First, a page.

Business Brief for December 12, 2005
Monday, December 12, 2005
These are short blurbs about current events in the business world.
Paramount Pictures buys DreamWorks SKG 
Paramount Pictures has agreed to buy DreamWorks SKG for $826 million in cash and $774 million in assumption of debt. Paramount intends to sell off the Dreamworks' 59 title library which includes Gladiator, American Beauty, and Saving Private Ryan. The library is expected to bring in $850 million to $1 billion making the Dreamworks net purchase price about $500 to $650 million.
DreamWorks was established 11 years ago by Steven Spielberg, David Geffin, and Jeffrey Katzenberg. Spielberg will remain producer-director and Geffen will remain the company's chairman.
Paramount will not receive Dreamworks' animation studios, which is responsible for the hit Shrek, but it will own the distribution rights of previously made Dreamworks films. Paramount will however receive Dreamworks' television division.
NBC Universal, owned by GE, had offered $900 million.
- "Paramount buys rival Dreamworks" — , December 12, 2005
- Gina Keating. "Paramount to buy DreamWorks" — , December 11, 2005
WTO battles on 
The agricultural fighting continues in the WTO. EU's trade chief Peter Mandelson wants his six-point plan tabled. The plan includes a deal to end cotton subsidies. "We have asked [WTO Director-General] Pascal Lamy to consider making the development package that we have been promoting as the first subject in the discussions. I think it would earth these negotiations in the real world, would give them a human face." Mandelson said.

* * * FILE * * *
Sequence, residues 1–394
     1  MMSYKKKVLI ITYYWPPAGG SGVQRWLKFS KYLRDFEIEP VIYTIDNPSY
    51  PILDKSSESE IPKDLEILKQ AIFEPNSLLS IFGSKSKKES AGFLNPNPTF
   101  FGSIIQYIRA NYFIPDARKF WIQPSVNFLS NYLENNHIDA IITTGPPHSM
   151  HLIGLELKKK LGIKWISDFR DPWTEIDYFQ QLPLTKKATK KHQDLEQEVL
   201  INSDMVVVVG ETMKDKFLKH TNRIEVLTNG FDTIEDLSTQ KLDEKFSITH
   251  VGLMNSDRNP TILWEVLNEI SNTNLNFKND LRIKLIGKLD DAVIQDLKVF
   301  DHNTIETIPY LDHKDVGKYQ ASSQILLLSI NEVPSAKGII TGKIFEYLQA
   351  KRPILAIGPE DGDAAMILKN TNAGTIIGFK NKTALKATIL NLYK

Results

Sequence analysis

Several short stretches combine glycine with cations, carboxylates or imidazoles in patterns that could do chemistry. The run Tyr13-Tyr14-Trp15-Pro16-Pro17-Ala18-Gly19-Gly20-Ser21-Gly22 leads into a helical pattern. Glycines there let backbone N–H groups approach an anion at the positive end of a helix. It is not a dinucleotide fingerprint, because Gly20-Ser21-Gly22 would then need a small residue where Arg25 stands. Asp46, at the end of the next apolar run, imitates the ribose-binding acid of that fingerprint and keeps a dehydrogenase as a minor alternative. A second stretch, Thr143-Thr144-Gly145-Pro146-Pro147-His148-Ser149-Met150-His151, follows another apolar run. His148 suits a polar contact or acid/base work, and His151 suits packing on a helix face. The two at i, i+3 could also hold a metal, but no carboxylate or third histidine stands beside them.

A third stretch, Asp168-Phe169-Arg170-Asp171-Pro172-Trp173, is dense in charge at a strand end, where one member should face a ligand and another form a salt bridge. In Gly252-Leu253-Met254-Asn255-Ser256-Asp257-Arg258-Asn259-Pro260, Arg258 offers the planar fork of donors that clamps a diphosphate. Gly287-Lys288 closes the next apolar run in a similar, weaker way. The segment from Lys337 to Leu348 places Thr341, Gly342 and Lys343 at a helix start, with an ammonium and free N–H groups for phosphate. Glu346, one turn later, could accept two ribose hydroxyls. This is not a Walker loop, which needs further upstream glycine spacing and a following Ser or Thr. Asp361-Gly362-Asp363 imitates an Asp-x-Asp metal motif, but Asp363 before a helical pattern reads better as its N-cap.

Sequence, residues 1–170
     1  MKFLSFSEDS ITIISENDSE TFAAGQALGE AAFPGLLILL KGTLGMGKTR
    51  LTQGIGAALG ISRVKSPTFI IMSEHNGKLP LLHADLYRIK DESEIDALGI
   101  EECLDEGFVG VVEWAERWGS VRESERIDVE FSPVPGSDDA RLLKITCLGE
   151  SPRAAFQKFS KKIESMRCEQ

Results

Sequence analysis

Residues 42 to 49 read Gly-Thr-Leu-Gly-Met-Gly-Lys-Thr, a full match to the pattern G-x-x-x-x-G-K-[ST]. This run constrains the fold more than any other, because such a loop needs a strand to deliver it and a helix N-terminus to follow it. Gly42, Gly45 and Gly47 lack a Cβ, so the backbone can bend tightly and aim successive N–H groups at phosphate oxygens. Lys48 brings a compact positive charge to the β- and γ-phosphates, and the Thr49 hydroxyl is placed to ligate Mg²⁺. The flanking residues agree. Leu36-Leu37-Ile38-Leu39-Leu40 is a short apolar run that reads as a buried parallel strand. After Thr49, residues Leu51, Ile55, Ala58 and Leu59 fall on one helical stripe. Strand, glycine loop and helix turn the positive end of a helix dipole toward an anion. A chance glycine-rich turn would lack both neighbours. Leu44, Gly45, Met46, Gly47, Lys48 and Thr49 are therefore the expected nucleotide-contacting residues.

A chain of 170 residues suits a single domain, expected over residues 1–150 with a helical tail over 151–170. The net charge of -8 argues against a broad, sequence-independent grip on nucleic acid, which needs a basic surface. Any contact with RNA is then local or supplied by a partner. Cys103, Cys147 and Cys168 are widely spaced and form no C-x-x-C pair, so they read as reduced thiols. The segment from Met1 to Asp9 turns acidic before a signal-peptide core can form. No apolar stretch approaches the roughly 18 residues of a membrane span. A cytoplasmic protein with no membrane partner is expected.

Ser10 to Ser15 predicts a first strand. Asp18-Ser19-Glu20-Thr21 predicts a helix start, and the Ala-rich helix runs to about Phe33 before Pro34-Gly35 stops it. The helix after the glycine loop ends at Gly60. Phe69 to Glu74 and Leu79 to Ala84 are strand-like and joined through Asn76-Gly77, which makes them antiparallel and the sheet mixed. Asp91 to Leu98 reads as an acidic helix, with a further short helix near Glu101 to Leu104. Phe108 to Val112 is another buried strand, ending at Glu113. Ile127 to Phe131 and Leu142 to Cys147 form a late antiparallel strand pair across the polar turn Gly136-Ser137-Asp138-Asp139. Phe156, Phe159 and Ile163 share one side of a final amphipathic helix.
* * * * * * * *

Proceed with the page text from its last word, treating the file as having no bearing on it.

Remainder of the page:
This agitated several countries, notably the US, Brazil, and several Latin American countries. "The US and EU are receiving billions of subsidies and at the end of the day these countries produce far more than they should and our market is flooded with subsidised cotton." said Samuel Amehou, Benin's WTO ambassador.
Brazil insists that the EU make a better offer. The country's finance minister said "Unless the European Union is able to improve substantially its offer on agricultural goods, there will not be a successful round."
Mandelson countered with "Another offer on agriculture would simply be pocketed without listing the levels of ambition overall," he said. "It is for others to come up with better proposals in key areas of industrial tariffs and services."
Hong Kong Secretary for Commerce, John Tsang, said he wants to build a platform in Hong Kong for the Doha Round to push for a final drive towards reaching a conclusion in 2006. Tsang said that ministers must give a clear direction on how to move forward after the conference.
- Teddy Ng. "Farm subsidies hold key to WTO trade talks" — , December 12, 2005
- Philip Thornton. "Mandelson puts US on the spot over cotton" — , December 13, 2005